On Tuesday, ESPN’s Around The Horn began their show with one of their solemn “unscored” segments. The topic: the release of security video showing Florida State freshman quarterback De’Andre Johnson punching an unnamed woman in the face while out at a bar. Tony Reali introduced the topic with a warning about the video’s content being graphic.
And it was. Johnson did do exactly that and in response, FSU has dismissed him from school. Johnson is currently facing misdemeanor battery charges for the punch and the victim is going to testify. It seems likely he will face judicial consequences for his actions—an outcome that may show a welcome change in behavior by Tallahassee Police and prosecutors, perhaps chastened from covering up for Jameis Winston. All of this makes sense and is good.
During the ATH segment, the panel (Paige, Adande, Torre, Jones) were universal in their condemnation of Johnson and embrace of a “men should never, ever hit women” framework. Adande went so far as to call out and endorse a double standard where women can hit men and men cannot hit women. The panel agreed.
This has largely been the take of the mainstream, rightthinking sports community. After the Ray Rice neverendingslowmotion train wreck during last NFL season, the sports media are now quick to jump to support and defend victims of domestic abuse. And this is great. But this situation was not domestic abuse. It was a bar fight. An unevenly matched bar fight, but a bar fight nevertheless. And in situations like this, distinctions like this matter. Because while it is good and right and correct that Johnson is being charged with battery, the woman should be as well.
People get in fights. All the time. And bars are not uncommon venues for fights. Because: alcohol. And fighting is wrong. Hitting someone is wrong. This is why assault and battery exist as charges in the justice system. However, unless the rationale that got Nic Cage locked up in Con Air has suddenly become the law of the land, fighting is fighting, aggression is aggression, a punch is a punch. Taking the context of crowded college bars into account, Occam ’s razor dictates the following as the likely series of events that led up to the punch.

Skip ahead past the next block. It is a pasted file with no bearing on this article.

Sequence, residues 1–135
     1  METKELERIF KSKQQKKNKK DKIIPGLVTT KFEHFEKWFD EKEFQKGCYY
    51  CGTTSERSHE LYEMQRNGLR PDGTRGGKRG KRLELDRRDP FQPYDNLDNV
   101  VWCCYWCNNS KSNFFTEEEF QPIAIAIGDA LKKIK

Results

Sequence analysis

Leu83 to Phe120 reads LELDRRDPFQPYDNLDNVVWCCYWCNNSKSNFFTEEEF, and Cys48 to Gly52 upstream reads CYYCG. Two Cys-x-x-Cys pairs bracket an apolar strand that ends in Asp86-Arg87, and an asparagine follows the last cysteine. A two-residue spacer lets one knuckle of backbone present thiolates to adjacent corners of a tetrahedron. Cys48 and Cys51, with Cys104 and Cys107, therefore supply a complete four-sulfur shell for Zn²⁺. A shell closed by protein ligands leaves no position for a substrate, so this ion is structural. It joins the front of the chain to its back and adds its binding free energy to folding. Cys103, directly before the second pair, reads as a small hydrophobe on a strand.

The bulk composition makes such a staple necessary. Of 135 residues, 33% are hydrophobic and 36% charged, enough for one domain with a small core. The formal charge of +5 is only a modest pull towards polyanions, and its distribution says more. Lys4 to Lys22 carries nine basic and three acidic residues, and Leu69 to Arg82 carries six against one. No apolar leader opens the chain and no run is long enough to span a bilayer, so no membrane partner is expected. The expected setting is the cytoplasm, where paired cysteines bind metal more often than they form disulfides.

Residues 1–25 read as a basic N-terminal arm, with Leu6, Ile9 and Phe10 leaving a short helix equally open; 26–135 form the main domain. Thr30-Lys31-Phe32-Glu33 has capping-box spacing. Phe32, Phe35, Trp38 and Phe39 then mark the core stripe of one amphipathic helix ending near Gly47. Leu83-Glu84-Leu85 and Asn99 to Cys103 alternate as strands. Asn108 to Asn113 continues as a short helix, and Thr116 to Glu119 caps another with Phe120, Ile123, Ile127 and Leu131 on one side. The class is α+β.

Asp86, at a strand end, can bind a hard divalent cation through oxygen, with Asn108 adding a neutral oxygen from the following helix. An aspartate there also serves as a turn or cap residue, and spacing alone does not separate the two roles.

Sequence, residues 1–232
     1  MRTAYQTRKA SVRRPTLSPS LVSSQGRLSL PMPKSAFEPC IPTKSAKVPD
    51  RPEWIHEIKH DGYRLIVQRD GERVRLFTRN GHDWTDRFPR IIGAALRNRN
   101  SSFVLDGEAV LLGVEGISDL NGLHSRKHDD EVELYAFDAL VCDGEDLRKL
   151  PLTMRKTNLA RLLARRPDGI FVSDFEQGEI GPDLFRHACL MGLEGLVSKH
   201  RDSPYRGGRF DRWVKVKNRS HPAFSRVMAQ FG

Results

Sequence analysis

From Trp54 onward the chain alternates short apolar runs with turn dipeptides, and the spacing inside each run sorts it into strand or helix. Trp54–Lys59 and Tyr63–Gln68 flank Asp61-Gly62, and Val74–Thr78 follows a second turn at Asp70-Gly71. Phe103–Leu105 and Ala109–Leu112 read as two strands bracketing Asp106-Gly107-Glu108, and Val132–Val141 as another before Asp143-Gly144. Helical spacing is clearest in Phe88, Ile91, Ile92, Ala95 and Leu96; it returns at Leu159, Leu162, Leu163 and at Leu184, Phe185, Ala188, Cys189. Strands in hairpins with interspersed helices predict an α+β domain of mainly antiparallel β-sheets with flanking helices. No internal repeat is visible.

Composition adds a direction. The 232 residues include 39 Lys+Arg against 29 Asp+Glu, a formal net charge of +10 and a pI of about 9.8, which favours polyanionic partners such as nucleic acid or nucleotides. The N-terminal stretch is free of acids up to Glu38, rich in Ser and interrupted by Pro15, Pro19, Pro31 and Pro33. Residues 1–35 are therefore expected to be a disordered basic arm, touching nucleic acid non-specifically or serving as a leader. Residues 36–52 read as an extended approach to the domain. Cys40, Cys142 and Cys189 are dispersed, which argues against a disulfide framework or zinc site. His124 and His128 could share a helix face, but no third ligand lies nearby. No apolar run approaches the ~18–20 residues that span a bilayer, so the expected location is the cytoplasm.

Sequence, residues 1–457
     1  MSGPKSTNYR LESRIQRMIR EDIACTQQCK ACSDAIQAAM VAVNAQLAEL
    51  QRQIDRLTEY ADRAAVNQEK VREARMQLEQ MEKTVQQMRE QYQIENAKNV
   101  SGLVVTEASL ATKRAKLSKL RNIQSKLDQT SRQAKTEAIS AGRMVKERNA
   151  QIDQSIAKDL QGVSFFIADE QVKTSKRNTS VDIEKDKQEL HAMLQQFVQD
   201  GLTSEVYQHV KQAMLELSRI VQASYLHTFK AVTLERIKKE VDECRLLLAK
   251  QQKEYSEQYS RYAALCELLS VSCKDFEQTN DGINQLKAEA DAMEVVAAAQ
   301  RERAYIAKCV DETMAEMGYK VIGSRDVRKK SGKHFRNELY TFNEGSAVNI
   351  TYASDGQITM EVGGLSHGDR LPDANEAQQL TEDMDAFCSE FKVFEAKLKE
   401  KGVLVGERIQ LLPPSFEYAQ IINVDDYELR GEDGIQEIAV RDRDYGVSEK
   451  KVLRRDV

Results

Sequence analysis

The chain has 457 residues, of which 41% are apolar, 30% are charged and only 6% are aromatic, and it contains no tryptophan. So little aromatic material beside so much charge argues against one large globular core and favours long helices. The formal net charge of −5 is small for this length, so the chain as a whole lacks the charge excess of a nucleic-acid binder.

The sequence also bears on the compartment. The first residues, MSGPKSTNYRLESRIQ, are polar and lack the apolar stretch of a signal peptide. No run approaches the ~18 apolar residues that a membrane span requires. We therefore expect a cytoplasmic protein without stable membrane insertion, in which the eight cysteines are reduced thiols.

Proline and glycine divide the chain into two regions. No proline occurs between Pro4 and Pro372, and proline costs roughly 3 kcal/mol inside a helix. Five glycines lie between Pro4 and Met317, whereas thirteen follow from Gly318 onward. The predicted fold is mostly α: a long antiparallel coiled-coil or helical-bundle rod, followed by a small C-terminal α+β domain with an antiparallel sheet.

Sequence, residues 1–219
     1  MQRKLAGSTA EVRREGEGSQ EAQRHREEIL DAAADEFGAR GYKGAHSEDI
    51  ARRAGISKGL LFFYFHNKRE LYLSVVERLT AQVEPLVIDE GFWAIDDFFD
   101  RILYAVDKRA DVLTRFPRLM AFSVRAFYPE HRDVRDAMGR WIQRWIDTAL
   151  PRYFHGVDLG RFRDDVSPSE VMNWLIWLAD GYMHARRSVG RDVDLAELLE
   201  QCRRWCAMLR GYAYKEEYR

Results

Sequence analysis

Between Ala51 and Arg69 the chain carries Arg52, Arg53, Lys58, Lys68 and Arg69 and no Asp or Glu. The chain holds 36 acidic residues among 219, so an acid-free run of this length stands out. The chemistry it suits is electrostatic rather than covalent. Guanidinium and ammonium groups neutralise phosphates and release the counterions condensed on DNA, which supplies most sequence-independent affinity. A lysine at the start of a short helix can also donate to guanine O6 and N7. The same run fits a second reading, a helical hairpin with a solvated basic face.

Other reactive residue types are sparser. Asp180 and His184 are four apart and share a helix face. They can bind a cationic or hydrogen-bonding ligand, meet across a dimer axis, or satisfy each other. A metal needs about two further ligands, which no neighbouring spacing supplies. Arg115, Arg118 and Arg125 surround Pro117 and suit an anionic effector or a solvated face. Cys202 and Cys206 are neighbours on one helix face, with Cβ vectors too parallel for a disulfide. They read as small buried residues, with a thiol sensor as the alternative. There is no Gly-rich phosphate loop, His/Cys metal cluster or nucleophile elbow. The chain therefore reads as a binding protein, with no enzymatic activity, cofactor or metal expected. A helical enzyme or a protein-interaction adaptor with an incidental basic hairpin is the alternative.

At a busy bar, the woman who ends up punched is waiting in line behind tank top guy (see yellow arrow). The bartenders are busy making drinks for the three women at the left corner of the bar.
As Johnson (in white baseball cap) moves through the crowd, the woman who had been waiting behind tank top guy slides quickly to the left to box out Johnson, in an attempt to prevent him from reaching the bar.
Unfortunately for her, the women on the left are leaving their place at the bar so there is room for Johnson to continue to the bar. She cranes her head around to speak to him. Again, Occam’s razor dictates that she is likely saying something about Johnson cutting the line. (She’s not wrong!)
They exchange words (likely cursing and slurs, both racial and intoxicated) and Johnson grabs her right wrist.
Johnson responds right a right hook and then leaves the scene. Other bar patrons assist the woman, who appears stunned by the punch. Strangely, the bartenders never seem to notice or care what happened.
Looking at the last still from the security camera, it is easy to see why the sports media–or, everyone, in fact– have reacted the way they have. What Johnson did was absolutely unacceptable. He should have known better and he should face the consequences of his actions. But look at the other stills in this series. In response to what appears to be perceived line cutting, the woman initiated a confrontation, escalated it, and was the first to use violence. This was not Ray Rice in the elevator.
It’s important to recognize that this woman (and women in general) has the agency to do things, including getting into fights. To deny her this power is condescending and infantilizing. The sports media’s neo-chivalric analysis of this situation assumes that all to which a pissed off woman can aspire is to vainly weep and flail and pound on the strong, stoic chest of a man. This is a very anti-feminist worldview. This woman was out in the world doing her thing. She instigated a bar fight—which is a thing that happens, even though its wrong, because sometimes people get in fights—and Johnson decided to participate. Both she and he should face the consequences. Refusing to respect and acknowledge her role in the situation subordinates her actions to his; it implies that what she does doesn’t matter. That she doesn’t matter.
This was not a case of domestic abuse. It was two (drunk) people getting into a bar fight.